by means of template metaprogramming but compile times
    are huge. In my opinion are old fashioned parser
    generators more transparent.
    So it's probably not worth the trouble.

    I have successfuly implemented a simple code generator
    for real-time control applications in Python
    which outputs C-source.
    http://www-user.rhrk.uni-kl.de/~hillbr/public/

    Today I'd suggest to use XML-files to describe
    the problem and generate source code from it.
    Source code needed for assembling the final
    result could also be embedded into the XML-files.

    Eclipse uses a kind of JSP to generate code
    from templates. (Examples exist
    for generating source code for enumerations
    which are not yet supported by Java)
    However it's still very primitive.
    At the rapid pace at which Eclipse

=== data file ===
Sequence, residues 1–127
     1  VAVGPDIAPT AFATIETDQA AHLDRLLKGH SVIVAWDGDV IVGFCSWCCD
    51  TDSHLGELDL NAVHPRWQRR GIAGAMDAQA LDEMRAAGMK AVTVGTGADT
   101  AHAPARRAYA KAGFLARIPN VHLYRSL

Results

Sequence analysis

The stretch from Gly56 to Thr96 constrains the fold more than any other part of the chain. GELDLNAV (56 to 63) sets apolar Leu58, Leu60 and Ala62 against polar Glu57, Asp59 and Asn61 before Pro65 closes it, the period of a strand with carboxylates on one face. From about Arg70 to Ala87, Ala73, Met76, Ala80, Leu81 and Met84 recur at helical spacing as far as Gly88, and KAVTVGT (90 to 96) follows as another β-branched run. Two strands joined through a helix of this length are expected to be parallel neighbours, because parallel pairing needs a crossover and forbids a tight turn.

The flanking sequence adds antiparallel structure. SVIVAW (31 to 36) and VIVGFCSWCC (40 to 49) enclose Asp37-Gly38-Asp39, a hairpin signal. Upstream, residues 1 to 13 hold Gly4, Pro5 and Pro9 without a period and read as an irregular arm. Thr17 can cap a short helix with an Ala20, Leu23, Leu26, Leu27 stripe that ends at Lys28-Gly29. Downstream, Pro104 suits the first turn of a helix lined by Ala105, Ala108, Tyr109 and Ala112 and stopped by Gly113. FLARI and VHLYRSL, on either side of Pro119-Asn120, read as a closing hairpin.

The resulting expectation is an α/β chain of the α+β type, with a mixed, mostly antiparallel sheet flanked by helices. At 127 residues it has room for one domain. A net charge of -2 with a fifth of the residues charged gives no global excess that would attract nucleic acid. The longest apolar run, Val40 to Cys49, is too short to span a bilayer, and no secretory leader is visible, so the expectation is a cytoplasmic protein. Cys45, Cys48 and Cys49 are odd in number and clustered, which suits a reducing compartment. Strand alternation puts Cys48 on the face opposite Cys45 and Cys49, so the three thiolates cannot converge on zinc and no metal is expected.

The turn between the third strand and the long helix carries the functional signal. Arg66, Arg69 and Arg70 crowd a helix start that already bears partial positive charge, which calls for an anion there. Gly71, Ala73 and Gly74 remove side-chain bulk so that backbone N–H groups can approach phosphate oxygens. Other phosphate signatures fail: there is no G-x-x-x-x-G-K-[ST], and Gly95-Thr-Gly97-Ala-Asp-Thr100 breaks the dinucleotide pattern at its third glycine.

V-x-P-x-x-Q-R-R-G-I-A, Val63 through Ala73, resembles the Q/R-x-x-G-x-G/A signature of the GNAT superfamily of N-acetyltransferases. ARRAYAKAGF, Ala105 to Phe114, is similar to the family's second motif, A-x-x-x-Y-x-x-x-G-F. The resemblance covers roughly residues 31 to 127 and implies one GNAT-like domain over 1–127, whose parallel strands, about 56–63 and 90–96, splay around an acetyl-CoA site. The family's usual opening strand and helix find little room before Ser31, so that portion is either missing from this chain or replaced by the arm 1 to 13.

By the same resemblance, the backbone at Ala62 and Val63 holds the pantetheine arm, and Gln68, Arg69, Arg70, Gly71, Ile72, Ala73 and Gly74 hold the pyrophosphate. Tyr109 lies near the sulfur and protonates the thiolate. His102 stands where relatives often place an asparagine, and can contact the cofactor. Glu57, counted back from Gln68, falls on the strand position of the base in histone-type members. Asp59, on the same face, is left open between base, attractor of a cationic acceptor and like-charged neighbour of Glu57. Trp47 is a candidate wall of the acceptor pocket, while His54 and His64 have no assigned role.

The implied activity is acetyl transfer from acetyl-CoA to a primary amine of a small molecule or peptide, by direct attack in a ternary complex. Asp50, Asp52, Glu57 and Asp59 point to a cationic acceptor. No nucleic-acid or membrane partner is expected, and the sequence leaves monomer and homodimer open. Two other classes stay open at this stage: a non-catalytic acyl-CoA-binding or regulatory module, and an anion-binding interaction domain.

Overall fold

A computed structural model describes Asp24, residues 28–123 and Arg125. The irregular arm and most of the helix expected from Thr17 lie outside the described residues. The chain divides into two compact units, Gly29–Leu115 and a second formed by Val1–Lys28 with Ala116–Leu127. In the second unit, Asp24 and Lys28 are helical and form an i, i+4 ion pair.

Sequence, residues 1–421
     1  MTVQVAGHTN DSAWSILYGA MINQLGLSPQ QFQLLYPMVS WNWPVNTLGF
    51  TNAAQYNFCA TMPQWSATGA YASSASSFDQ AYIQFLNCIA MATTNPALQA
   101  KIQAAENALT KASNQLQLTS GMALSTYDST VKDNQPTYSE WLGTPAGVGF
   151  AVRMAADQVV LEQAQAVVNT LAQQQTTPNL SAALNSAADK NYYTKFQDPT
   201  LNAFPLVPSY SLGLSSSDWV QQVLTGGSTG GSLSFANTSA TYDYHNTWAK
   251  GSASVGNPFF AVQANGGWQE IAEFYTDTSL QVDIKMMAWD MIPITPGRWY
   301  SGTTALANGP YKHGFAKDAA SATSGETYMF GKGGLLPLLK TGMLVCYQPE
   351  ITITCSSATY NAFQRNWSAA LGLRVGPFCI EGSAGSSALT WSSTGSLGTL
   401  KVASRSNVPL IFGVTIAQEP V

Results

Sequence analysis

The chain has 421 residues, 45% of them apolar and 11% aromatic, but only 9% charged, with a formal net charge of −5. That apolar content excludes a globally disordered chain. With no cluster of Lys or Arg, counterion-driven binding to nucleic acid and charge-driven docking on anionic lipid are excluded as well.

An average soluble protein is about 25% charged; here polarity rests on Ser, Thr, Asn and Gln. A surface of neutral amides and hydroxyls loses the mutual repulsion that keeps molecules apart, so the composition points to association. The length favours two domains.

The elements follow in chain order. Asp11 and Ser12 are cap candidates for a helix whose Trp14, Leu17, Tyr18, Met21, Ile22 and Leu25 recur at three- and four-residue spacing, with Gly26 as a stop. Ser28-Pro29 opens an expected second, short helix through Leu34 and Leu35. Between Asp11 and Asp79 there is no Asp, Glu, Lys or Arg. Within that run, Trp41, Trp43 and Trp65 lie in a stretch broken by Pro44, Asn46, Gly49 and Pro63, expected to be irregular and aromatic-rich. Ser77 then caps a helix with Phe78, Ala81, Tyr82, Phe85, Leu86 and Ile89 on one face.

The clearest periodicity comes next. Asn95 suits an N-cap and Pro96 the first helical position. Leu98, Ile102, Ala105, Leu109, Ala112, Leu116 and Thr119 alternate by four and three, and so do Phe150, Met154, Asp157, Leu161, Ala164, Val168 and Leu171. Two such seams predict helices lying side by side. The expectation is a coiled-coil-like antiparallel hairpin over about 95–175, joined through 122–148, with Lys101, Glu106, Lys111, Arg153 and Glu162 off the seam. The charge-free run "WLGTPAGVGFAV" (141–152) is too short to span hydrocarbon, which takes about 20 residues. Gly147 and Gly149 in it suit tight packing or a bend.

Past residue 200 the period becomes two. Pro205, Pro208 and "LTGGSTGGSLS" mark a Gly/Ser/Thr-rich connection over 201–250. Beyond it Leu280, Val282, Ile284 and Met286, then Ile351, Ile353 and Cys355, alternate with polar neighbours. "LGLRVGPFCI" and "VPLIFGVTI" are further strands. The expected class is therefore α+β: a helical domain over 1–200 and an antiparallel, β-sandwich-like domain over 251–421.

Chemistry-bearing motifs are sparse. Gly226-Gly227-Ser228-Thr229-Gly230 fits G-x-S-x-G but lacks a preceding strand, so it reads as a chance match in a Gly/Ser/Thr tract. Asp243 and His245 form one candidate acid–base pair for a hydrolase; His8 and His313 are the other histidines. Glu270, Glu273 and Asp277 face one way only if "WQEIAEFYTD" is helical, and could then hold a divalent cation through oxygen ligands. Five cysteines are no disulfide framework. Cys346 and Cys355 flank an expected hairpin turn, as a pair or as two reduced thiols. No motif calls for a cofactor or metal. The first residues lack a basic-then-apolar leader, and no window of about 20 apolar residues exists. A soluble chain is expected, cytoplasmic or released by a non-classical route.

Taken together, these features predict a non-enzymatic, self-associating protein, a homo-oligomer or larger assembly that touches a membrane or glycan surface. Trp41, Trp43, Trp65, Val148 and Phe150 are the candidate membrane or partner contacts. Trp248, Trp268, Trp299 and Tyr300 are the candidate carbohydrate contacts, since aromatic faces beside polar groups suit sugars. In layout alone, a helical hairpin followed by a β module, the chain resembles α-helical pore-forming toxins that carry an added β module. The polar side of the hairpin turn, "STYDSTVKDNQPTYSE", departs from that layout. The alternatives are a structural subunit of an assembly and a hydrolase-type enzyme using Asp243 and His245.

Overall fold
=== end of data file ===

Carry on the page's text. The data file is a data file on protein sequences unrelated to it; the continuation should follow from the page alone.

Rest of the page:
is developed I am curious what way it is going to take.


    Ciao,
    Dominic
     
    Dominic, Oct 3, 2003
    #3
  4. mike420

    Oren Tirosh Guest

    Search the comp.lang.python archives for the word "macros" and you will
    find lots and lots of threads discussing this issue over the years. The
    concensus seems to be that macros are neither compatible with the Python
    Way nor necessary for the vast majority of everyday programming tasks.

    Implementing Python-like syntax in LISP or even a full Python
    implementation in LISP would be a worthwhile goal (LPython?). BTW, this
    kind of implementation is one of the relatively few programming tasks
    that can benefit greatly from macros. The Python semantics can be mostly
    done using macros and a preprocessor would translated Python syntax to
    s-expression code that uses those macros.

    Oren
     
    Oren Tirosh, Oct 3, 2003